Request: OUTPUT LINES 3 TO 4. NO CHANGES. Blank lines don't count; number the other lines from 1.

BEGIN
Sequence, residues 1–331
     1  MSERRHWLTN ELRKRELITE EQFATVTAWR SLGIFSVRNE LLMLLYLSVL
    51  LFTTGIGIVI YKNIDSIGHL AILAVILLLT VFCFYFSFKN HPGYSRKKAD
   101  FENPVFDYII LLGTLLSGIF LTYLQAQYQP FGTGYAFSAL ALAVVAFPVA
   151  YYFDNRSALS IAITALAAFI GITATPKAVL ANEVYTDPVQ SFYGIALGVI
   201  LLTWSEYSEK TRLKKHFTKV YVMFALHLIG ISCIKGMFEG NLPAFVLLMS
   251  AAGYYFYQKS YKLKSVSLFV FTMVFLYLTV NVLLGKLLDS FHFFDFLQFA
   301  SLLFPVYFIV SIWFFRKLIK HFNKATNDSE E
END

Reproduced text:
    51  LFTTGIGIVI YKNIDSIGHL AILAVILLLT VFCFYFSFKN HPGYSRKKAD
   101  FENPVFDYII LLGTLLSGIF LTYLQAQYQP FGTGYAFSAL ALAVVAFPVA